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The Monday news briefing: An at-a-glance survey of some top stories

Last Updated Oct 23, 2017 at 5:00 pm EST

Minister of Finance Bill Morneau stands during question period in the House of Commons on Parliament Hill in Ottawa on Monday, Oct. 23, 2017. THE CANADIAN PRESS/Sean Kilpatrick

Highlights from the news file for Monday, Oct. 23

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FEDS TO SHOW SMALLER DEFICIT IN UPDATED FISCAL OUTLOOK: The Trudeau government will release fresh projections Tuesday that predict smaller-than-anticipated deficits over the next several years – but the Liberals are not expected to provide a timeline to bring the books back to balance. After the economy’s surprisingly strong performance in early 2017, a senior government official says the fall fiscal and economic statement will contain an updated outlook of shrinking annual shortfalls as well as new measures aimed at reinvesting in middle-income earners.

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NEW U.S. ENVOY TAKES OFFICE IN OTTAWA: Kelly Craft may be Donald Trump’s new U.S. ambassador to Canada, but she quoted John F. Kennedy when she formally took office Monday. “If I may echo the sentiments of President Kennedy, I truly feel amongst friends,” she said after joining several new diplomats who submitted their credentials to Gov. Gen. Julie Payette at Rideau Hall. The reference to Kennedy, a Democrat, was an ad-libbed addition to her speaking notes, which were distributed by the U.S. embassy after her swearing in. In those same remarks, Craft also gave a respectful nod to the lingering national grief over the death of Tragically Hip frontman Gord Downie.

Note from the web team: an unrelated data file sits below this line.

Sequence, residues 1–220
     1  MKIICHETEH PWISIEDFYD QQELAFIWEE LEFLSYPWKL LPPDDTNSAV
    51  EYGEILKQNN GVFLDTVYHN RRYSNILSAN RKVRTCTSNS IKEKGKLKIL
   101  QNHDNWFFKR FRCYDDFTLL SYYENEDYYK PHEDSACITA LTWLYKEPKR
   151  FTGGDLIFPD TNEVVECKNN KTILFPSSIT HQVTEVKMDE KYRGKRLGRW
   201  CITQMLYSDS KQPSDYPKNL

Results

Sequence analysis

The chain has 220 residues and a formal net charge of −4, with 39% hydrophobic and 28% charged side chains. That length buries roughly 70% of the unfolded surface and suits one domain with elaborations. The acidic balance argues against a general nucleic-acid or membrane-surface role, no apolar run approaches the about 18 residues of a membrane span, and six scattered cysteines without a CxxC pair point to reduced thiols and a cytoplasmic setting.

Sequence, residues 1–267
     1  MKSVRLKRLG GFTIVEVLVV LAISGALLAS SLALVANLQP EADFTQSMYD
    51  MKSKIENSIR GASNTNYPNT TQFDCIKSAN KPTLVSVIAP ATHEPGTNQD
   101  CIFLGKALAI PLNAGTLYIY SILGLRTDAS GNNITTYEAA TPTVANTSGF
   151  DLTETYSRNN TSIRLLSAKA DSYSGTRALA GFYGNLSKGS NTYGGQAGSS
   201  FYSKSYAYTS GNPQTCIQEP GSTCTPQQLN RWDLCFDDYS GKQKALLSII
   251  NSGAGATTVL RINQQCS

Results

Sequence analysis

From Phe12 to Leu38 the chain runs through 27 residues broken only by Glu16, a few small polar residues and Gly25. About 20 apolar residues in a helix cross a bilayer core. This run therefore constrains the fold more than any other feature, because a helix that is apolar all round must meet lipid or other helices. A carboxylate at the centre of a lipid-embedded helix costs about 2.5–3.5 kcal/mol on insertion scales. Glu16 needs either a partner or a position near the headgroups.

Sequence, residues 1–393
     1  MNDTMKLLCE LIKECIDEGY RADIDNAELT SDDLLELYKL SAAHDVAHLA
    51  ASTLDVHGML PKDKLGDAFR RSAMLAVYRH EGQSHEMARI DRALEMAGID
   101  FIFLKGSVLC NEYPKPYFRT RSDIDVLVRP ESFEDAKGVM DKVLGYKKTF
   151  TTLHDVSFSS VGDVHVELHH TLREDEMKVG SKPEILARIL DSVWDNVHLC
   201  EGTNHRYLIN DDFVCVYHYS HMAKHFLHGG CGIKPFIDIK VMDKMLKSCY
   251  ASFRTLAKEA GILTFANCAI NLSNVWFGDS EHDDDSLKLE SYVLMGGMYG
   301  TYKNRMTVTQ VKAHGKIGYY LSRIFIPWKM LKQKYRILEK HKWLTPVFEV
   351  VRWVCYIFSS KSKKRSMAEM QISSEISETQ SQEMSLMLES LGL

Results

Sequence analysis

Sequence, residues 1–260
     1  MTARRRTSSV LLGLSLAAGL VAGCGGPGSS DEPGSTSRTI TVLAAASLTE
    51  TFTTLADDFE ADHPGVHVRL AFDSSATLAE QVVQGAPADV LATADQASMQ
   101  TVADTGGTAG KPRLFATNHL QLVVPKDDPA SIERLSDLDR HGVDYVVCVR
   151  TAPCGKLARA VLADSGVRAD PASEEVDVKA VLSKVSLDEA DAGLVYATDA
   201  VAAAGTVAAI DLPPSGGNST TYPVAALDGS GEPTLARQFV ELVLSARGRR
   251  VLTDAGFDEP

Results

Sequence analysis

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EXPERT SAYS QUEBEC LAW WILL LIKELY GO TO SUPREME COURT: A law professor at the University of Ottawa says it’s a virtual certainty that Quebec’s new law banning people wearing face veils from receiving public services will be challenged in court. Natasha Bakht says many civil rights groups are gearing up to help challenge Bill 62 and she believes the case will probably end up before the Supreme Court of Canada. Bill 62 was adopted last week and the National Council of Canadian Muslims, the Canadian Civil Liberties Association and the Women’s Legal Education and Action Fund are all studying the law and considering their next steps.

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RAE NAMED SPECIAL ENVOY TO MYANMAR: Former Ontario premier Bob Rae promised no miracles Monday, but rather a sustained effort towards finding a way Canada can be part of a solution to the humanitarian crisis generated by ongoing violence in Myanmar. Rae was appointed as a special envoy to the country and will head there next week to begin gathering facts from officials on the ground as reports now say nearly a million Rohingya refugees have fled to neighbouring Bangladesh. What he learns will be reported back to the prime minister, and eventually Canadians. Myanmar’s security forces began a crackdown earlier this year on what it called Muslim insurgents.

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ADVOCATES SAY MANNING NO THREAT TO CANADA: A U.S. soldier convicted of leaking thousands of classified documents poses no security threat to Canada and ought to be allowed into the country, advocates said Monday. Chelsea Manning tried to enter Canada last month to travel to Montreal and Vancouver, but was turned away at the Canada-U.S. land border when officials determined her crimes were akin to a violation of Canadian treason laws and made her inadmissible. Her case was referred to the Immigration and Refugee Board for a hearing, but advocates want Immigration Minister Ahmed Hussen to step in.